06/30/2003 11:00PM

Strikes No Spares gets stakes win


AUBURN, Wash. - Strikes No Spares's initial stakes win, in Saturday's one-mile King County Handicap, was a little late in coming, since the 4-year-old filly had contested seven stakes races and placed in four before winning one. Even so, it was accomplished in a manner that suggested there will be more to come.

Under leading rider Kevin Radke, Strikes No Spares lagged 10 lengths behind the pacesetting duo of Princess Forever and Silver Screen Girl through a half-mile run in 45.20 seconds, then smoked the third quarter-mile in 23.40 to be within three lengths of the leaders after six furlongs in 1:10. That presented a problem for Radke.

"We came up on those horses so fast, I didn't have time to look for a hole," he said. "I had to swing out wide turning into the stretch, and it cost me quite a bit of ground. Fortunately, I had plenty of horse."

Strikes No Spares hit the front with a furlong to run and drew out to score by 1 1/2 lengths over Silver Screen Girl in 1:35.40. Tamarack Bay came from even farther back than the winner to finish third, a half-length behind the runner up and three-quarters of a length behind her stablemate, Castle Mountain, who had stalked the early pace.

Grant Forster, who saddled Tamarack Bay and Castle Mountain, said neither ran according to plan.

"The one who was supposed to be up close was far back, and the one who was supposed to be far back was up close," he said. "Tamarack Bay will have blinkers on next time, and maybe that will help to get her into the race earlier."

Strikes No Spares, a daughter of Smart Strike and the Seattle Slew mare All Things Nice, was purchased privately by Jerre Paxton's Northwest Farms as a 2-year-old. She ran with distinction in the Chicago area last year, but was shipped to trainer Bob McMeans this spring. Her victory Saturday was preceded by a sixth behind Ema Bovary in the 6 1/2-furlong Hastings Park Handicap and a distant second to Silver Screen Girl in a one-mile allowance race.

"She really wasn't training well through the spring, but getting a couple of races into her seemed to help," McMeans said. "She picked up the pace after her last race, and she finally started finishing her works the way I thought she should. I told Radke she would surprise him today, and I think she did."

McMeans said Strikes No Spares will go next in the 1 1/16-mile Boeing Handicap July 20.

Heads has luck of the Irish

Hastings Park-based trainer Barbara Heads did it again in Sunday's 1 1/16-mile Irish Day Handicap for 3-year-old fillies.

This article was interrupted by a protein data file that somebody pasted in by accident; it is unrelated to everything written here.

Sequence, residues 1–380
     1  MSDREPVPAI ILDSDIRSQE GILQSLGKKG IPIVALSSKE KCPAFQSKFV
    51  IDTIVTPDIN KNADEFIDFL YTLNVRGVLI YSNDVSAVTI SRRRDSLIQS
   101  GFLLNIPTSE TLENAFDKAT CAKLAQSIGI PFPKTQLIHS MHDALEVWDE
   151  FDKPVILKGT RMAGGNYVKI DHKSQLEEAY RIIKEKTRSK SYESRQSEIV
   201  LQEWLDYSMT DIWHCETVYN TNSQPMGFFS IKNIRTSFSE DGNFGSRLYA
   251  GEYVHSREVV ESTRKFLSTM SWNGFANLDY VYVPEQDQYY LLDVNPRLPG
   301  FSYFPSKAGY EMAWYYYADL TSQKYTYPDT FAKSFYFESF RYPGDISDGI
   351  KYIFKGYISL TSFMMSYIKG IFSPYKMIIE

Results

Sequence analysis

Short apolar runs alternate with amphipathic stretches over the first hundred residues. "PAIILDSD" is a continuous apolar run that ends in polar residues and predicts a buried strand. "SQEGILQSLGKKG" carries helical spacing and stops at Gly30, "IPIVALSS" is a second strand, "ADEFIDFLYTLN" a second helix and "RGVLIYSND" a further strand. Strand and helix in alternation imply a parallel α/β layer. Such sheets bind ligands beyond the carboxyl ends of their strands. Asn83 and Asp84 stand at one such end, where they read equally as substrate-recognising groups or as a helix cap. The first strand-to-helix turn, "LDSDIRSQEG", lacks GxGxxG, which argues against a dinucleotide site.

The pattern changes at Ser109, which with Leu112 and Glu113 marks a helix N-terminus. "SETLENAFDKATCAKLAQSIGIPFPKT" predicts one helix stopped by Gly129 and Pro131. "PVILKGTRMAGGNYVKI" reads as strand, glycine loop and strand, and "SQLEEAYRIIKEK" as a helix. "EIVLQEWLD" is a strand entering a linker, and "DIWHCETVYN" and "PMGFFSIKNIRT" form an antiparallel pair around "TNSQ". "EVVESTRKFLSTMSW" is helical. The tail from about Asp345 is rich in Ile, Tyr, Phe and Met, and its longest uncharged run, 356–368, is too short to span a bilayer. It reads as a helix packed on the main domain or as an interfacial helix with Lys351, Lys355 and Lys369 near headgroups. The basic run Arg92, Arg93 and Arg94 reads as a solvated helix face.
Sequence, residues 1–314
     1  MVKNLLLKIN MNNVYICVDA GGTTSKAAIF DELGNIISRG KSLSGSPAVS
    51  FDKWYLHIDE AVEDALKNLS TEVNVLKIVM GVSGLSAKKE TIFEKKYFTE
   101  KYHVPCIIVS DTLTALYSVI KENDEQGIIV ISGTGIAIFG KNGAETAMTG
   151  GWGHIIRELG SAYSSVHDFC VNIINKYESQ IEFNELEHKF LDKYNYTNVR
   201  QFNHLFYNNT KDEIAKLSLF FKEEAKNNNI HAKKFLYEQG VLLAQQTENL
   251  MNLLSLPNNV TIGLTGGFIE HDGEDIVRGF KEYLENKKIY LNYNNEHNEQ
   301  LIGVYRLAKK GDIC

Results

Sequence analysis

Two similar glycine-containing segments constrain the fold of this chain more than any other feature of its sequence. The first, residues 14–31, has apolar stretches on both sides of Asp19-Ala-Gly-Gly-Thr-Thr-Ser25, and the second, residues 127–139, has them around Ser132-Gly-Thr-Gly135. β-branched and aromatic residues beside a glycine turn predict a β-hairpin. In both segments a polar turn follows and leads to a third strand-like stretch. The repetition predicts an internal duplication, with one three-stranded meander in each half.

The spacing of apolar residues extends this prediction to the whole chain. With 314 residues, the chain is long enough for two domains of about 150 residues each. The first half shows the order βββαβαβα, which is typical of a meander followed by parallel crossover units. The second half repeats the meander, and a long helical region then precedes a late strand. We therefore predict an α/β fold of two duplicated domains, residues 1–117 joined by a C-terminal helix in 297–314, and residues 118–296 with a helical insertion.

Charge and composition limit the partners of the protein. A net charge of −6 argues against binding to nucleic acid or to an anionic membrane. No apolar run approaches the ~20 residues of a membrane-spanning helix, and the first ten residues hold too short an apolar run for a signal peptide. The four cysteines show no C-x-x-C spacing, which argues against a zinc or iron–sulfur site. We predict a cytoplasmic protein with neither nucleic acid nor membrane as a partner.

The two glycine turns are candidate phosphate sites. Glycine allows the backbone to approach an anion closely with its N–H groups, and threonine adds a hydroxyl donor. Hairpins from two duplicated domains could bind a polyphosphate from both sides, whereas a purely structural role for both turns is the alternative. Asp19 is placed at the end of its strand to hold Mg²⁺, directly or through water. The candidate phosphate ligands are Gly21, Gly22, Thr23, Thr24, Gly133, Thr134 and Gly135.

Last year Heads brought the unheralded Always a Dixie to Emerald to post a $52.60 surprise win in the Washington State Legislator's purse, then proved it was no fluke by bringing the filly back to win both the King County Handicap and the $100,000 Emerald Distaff en route to older filly or mare of the meet honors.

Sunday, Heads sent out Brave Miss, who had just won her maiden at Emerald in her previous start, to upset the Irish Day at 10-1. Under Ben Russell, Brave Miss stalked the runaway pacesetter Top Penny through six furlongs in 1:09.40, then reeled her in at the sixteenth marker and quickly drew out to score by 3 3/4 lengths in 1:43. Bisbee's Prospect, the 4-5 favorite, was beaten nine lengths in third without an apparent excuse.

"I really did expect her to run a big race today, even though she had just gotten her maiden win," Heads said. "Her maiden win was at a mile, and she really needs to go at least that far. She also really loves the mile track here. She is not a big filly, but she has a big stride and she is a lot more comfortable on this track than she is at home. I think you'll be seeing a lot more of her down here."

Owner Leif Norsdahl of Vancouver purchased Brave Miss, a Washington-bred daughter of Delineator and Stormy Verdict, from the 2001 WTBA summer sale for $8,500.

Kent stakes debut for Cascade Corona

The competition will become stiffer when the 3-year-old fillies meet next in the Kent Handicap at 1 1/16 miles July 26. Divisional leader Youcan'ttakeme, now recovered from a minor injury suffered in her stall, is expected to be back for the Kent.

Cascade Corona is likely to make her stakes debut in the Kent. An 8 1/4-length winner of her only start at 2, Cascade Corona made her 3-year-old return in an allowance race Saturday and won by 6 1/4 lengths in 1:15.40 for 6 1/2 furlongs.

"She is the most professional horse I've ever had at that age," said Kay Cooper, assistant to trainer Jim Penney. "There is no question there is a stakes race in her future. She's pure class."

Cascade Corona, a daughter of Pine Bluff and Warna Corna, by Fappiano, races for breeders Rick and Debbie Pabst.